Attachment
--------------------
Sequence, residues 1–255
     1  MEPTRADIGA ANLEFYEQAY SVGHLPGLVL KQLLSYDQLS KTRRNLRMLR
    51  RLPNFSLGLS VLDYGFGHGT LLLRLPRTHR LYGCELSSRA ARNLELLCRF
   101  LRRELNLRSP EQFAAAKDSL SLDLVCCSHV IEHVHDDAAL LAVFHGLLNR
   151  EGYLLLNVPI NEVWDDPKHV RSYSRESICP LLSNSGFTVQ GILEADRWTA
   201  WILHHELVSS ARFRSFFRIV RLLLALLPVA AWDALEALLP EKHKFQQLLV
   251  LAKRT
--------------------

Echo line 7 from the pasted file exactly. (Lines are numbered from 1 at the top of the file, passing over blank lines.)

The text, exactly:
   251  LAKRT